According to World Wildlife Fund (WWF), the population of Asian elephant is estimated to have dropped by at least 50% over the last 60 to 75 years.


Orenstein said that three subspecies of rhinoceros have been declared extinct.


The Vietnamese one-horned rhinoceros, the subspecies of Javan rhinoceros was declared extinct in 2010. The last one of its kind was found dead in Cat Tien National Park in April 2010 with a bullet in its leg and its horn removed.


In November 2011, the Western Black Rhinoceros was declared extinct by the International Union for Conservation of Nature (IUCN).


As for the Northern White Rhino, it is considered Extinct in the Wild (EW) by IUCN meaning the only known living rhino is being kept in captivity. The three remaining rhinos of this kind are kept in the USA and the Czech Republic.


4. Malaysia plays a role in the illegal ivory trade.


Malaysia is one of the “gang of eight” countries involved in the illegal trade of ivory listed by Convention on International Trade in Wild Species of Fauna and Flora (Cites) last year: Kenya, Tanzania and Uganda play the role of suppliers, supplying ivory to consumer countries of China and Thailand while Vietnam, the Philippines and Malaysia serve as transit countries.


In December 2012, Royal Malaysian Customs confiscated about 2,300 pieces of elephant tusks in Port Klang. The shipment was from Togo and headed for China.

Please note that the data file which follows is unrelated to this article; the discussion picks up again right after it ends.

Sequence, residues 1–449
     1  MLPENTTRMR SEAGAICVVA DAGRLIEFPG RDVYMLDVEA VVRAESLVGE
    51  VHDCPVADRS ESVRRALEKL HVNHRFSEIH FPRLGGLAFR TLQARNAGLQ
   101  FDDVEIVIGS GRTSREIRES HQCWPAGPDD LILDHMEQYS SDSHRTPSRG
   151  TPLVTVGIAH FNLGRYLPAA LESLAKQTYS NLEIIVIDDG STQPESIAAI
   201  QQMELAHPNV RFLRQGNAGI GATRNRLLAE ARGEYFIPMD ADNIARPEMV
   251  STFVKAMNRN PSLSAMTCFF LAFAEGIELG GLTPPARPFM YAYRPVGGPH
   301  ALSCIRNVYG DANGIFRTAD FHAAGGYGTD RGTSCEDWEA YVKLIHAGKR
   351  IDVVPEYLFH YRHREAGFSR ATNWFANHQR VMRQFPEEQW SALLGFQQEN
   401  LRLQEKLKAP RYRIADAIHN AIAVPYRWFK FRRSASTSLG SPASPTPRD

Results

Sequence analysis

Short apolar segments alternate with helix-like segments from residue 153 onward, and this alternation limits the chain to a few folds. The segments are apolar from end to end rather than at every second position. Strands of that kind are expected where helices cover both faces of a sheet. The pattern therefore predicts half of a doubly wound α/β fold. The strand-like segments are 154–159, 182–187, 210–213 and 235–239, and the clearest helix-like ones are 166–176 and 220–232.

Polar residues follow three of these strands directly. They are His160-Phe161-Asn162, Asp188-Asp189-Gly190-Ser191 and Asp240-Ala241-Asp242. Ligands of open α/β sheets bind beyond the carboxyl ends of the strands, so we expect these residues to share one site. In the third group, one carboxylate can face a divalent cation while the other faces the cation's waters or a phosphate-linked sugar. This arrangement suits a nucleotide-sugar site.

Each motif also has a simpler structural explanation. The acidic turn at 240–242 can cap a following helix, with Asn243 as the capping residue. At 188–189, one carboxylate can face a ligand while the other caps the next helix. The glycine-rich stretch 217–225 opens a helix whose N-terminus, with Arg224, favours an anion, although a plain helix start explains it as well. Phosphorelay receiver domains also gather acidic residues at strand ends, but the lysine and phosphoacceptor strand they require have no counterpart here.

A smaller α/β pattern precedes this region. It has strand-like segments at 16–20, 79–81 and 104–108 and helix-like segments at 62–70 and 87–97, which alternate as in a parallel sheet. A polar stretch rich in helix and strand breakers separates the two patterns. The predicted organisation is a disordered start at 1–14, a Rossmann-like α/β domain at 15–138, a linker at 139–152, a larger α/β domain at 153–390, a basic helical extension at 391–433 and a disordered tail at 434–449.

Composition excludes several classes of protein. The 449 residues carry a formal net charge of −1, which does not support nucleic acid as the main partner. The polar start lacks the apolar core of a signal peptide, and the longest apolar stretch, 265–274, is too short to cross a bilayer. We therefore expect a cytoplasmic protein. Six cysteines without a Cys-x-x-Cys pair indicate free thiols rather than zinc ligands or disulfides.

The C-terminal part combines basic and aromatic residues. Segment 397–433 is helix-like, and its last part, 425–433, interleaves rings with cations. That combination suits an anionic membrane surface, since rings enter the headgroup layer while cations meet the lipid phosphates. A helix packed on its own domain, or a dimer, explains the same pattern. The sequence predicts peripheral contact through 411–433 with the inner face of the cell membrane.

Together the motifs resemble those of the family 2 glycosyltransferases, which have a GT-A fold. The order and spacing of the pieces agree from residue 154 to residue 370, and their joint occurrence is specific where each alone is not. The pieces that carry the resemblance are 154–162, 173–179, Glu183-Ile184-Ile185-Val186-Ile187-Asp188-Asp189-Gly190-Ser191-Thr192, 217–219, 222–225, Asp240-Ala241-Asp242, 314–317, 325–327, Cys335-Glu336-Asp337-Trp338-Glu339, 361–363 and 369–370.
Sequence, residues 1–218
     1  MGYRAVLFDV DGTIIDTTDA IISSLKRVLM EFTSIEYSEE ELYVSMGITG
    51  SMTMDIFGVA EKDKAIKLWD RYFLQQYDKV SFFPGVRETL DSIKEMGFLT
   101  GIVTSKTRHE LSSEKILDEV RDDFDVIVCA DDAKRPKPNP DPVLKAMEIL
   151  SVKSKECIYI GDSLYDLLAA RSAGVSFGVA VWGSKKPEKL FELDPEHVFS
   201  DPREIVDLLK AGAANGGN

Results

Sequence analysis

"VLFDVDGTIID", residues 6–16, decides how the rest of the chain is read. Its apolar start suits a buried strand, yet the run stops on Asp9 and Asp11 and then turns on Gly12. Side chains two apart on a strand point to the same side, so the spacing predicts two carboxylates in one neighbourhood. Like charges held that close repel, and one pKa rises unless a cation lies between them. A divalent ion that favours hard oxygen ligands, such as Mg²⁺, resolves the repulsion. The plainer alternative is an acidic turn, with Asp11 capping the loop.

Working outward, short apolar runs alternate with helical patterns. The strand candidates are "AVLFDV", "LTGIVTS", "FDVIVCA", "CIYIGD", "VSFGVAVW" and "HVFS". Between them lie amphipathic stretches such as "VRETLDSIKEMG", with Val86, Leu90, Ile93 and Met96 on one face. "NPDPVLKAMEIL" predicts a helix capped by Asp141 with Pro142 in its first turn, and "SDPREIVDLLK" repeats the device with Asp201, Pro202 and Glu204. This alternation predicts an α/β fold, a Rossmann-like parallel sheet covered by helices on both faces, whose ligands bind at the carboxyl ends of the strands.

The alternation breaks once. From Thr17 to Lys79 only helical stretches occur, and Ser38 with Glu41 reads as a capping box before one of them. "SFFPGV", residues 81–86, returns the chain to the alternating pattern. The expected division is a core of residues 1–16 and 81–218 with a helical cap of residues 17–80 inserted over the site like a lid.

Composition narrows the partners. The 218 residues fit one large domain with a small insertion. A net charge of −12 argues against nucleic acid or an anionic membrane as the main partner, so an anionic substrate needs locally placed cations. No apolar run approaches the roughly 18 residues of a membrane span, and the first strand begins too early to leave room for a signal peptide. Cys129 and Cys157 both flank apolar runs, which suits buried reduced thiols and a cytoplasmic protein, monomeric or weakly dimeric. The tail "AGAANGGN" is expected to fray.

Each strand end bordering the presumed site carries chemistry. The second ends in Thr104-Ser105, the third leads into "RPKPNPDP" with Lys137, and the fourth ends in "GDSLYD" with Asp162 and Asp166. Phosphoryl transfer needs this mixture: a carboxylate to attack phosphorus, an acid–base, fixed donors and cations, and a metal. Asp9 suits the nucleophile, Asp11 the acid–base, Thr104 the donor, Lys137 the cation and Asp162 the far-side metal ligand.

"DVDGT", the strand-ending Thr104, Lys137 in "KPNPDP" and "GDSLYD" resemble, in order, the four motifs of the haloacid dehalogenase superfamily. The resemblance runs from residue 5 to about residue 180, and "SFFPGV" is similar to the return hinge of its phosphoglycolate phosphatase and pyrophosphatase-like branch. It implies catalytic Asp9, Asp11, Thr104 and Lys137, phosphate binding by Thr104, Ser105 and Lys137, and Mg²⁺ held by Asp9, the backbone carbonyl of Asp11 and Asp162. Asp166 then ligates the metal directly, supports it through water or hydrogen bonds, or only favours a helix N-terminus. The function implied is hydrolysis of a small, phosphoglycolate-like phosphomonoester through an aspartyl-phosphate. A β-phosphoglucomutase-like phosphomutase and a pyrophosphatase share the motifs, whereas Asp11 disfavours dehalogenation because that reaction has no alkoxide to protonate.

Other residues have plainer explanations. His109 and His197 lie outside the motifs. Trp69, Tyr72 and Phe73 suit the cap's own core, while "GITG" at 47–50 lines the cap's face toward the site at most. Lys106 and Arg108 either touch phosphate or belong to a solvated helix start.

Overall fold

Last year in October, two separate shipments weighing a combined 3.3 tonnes of illegal ivory were seized having already gone through Malaysian ports. One tonne was seized in Hong Kong and the remaining two tonnes in Haiphon.


Malaysia has come up with action plans to combat this issue and is expected to present the results to a Cites standing committee this July.


Orenstein (left) answering questions after the talk.

Orenstein (left) answering questions after the talk.


5. We can help put a stop to this!


Public awareness is very important in stopping elephants and rhinoceros poaching.


Spreading the word to stop buying ivory products is one move we all can do as well as spread the message that ivory is most valuable when it is still attached to the animal.


In some countries, governments of countries such as Kenya, the US, and the Philippines have gone to the extent of burning ivory tusks to spread the message not to buy ivory products.


Orenstein said that about one third of the tusk is buried inside the elephant’s head; and taking out the tusk would leave a wound the size of a human leg in the elephant’s head. This alternative would require months of post-operative care for the elephant after the tusk is removed.


As for the rhinoceros, the horn can grow back but there is not enough rhinoceros around to cater for the demand.


The best way to stop the slaughtering of rhinoceros and elephants for their horns and tusks is to stop the demand for ivory.


Orenstein is also the author of ‘Ivory, Horn and Blood: Behind the Elephant and Rhinoceros Poaching Crisis’. The public talk was held at UCSI University Sarawak campus and was jointly organised by Sarawak Biodiversity Centre and Malaysian Nature Society Kuching Branch.